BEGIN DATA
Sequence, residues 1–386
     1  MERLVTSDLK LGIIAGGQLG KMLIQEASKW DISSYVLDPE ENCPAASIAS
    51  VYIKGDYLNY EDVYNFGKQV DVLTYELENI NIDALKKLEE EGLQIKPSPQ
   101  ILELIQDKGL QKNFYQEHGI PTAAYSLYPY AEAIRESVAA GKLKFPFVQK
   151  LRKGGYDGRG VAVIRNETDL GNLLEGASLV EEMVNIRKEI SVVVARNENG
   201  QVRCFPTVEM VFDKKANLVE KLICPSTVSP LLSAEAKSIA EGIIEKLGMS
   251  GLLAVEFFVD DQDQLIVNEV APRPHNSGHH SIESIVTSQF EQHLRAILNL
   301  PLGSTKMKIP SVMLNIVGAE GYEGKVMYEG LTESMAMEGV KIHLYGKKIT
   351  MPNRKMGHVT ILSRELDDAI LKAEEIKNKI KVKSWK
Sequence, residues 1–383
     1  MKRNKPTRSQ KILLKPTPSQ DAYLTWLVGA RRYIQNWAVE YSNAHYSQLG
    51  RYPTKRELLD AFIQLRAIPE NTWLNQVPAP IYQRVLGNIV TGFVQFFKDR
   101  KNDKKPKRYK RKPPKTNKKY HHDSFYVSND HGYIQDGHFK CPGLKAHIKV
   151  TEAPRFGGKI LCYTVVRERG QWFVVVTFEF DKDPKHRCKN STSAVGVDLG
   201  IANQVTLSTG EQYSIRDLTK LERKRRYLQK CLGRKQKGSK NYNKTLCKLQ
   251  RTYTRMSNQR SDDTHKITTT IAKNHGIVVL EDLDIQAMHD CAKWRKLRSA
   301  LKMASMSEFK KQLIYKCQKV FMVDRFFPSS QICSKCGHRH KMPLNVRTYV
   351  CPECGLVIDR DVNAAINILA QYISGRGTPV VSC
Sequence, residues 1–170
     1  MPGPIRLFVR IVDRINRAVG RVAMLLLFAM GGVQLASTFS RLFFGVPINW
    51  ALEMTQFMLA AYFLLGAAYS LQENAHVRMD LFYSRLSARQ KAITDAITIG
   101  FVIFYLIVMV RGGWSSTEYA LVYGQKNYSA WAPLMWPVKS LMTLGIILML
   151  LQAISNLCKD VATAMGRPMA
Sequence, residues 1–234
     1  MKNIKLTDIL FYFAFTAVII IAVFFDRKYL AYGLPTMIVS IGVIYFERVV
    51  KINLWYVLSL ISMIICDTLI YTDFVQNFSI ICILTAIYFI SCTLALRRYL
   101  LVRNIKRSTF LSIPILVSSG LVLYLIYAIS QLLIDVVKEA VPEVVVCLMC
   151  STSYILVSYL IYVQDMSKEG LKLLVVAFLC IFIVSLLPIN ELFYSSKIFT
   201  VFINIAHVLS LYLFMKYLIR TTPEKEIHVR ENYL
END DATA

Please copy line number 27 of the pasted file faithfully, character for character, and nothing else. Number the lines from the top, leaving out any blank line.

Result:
   101  LVRNIKRSTF LSIPILVSSG LVLYLIYAIS QLLIDVVKEA VPEVVVCLMC